However, the driver was still pissed and was not keen on taking us any farther. Fair. It had been a pointless waste of time (even though it had only taken about 20 minutes) and he had come from Dakar that morning, driving since midnight. I was irritated with Gabe that we were going to have to sacrifice this perfect ride just for a ten second shot of us in the car together.
The officer was not about to let the driver leave without us and insisted he put our bags back in the car and take us with him. The whole situation was painfully awkward and my anxiety was through the roof because of it.
The driver, begrudgingly, accepted the officers demand and we got back into the car with him, though he was vocally not pleased. I insisted Gabe make it clear to him that he was free to drop us off at any point once we got out of the officer’s line of sight. But I guess he had a change of heart, or maybe he didn’t want to stop again and waste more time getting our shit back out. He told us that it was fine, just annoying, but that we were good.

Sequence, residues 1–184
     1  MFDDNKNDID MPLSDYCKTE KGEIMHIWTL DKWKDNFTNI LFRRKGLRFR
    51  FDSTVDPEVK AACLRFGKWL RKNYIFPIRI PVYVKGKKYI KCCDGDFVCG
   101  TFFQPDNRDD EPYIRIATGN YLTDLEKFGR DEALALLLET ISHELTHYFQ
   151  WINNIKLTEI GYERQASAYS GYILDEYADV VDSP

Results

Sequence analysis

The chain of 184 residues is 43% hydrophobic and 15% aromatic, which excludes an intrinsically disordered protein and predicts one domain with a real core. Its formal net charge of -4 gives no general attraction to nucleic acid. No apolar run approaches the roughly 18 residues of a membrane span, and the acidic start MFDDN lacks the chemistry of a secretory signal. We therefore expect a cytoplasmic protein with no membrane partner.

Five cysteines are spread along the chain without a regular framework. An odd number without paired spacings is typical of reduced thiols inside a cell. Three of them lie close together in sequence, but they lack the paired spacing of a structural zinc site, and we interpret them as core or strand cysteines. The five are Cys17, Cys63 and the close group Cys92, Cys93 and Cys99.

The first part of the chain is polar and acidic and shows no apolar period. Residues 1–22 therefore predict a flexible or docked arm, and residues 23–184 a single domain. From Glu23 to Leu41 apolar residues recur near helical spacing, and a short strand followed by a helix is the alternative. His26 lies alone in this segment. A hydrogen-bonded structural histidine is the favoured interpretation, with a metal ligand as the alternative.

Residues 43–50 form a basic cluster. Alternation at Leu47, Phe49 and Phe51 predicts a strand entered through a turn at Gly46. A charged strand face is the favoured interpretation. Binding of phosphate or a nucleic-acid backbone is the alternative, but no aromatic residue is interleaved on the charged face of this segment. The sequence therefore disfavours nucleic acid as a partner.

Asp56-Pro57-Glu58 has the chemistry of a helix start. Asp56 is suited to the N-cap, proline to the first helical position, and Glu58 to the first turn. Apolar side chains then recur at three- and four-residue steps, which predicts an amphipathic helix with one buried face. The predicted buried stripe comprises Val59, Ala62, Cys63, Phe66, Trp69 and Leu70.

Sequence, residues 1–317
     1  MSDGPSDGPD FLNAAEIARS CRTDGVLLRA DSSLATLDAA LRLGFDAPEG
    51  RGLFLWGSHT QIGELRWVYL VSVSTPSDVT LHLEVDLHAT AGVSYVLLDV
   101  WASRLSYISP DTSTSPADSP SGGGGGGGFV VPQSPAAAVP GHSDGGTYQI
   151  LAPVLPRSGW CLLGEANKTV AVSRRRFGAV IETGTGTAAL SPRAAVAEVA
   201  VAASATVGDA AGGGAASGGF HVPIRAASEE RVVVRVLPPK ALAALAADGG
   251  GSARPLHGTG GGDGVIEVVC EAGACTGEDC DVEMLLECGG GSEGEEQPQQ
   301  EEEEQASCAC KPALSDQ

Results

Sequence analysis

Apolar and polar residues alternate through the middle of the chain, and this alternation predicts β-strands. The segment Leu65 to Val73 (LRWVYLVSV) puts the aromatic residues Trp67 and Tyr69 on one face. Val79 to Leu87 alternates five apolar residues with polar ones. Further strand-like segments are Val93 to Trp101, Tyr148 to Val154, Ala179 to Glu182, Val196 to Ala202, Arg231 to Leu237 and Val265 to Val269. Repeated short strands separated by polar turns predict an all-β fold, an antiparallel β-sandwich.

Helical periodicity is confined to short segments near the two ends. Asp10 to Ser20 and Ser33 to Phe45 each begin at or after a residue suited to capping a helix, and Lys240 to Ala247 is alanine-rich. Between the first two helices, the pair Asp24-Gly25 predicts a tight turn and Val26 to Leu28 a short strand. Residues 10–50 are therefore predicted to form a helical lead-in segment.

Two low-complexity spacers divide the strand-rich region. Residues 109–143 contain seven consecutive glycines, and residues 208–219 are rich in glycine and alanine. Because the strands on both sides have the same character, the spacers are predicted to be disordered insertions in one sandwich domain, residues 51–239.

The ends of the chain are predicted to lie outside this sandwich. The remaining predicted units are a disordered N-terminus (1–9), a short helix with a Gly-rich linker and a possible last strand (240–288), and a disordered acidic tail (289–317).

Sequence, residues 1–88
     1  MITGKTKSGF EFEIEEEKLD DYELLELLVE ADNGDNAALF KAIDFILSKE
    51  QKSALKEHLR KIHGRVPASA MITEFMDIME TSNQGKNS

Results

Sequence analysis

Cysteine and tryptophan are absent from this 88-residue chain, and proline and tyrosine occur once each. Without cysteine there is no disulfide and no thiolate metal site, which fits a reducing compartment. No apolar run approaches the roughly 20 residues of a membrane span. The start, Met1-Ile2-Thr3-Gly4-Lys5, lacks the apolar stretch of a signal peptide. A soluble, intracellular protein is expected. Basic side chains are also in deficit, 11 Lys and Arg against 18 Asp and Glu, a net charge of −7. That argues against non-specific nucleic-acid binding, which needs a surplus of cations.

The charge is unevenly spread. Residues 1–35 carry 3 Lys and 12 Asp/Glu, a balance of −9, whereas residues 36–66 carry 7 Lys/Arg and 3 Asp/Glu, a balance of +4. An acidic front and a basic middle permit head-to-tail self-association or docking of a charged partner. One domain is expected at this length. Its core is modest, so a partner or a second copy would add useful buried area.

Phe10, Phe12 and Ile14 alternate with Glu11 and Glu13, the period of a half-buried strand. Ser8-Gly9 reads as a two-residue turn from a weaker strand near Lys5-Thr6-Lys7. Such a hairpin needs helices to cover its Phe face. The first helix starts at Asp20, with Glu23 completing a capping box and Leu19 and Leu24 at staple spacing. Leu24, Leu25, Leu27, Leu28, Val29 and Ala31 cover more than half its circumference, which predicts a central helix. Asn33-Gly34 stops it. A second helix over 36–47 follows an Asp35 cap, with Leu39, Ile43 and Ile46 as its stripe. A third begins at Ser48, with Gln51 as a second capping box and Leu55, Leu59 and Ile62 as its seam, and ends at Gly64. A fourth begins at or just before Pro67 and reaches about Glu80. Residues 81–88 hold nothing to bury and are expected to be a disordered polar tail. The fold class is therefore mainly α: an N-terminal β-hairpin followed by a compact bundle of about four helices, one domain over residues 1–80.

We weren’t really good for a while though, and we sat in awkward silence for quite some time. Eventually, Gabe began breaking the ice again by asking him about his family, which seemed to ease the tension. “I have one wife,” he told Gabe, “but one day I will have four. Woman is made for man, you know.” I didn’t feel as guilty for wasting his time after that.
He dropped us off in Kolda and again, we had a few kilometers to walk before getting to a spot. It was 2 pm, and I commented on how we always seemed to have to walk in the hottest part of the day. No matter how early we left, or how many rides we got, for some reason we ended up in the midday sun every single time.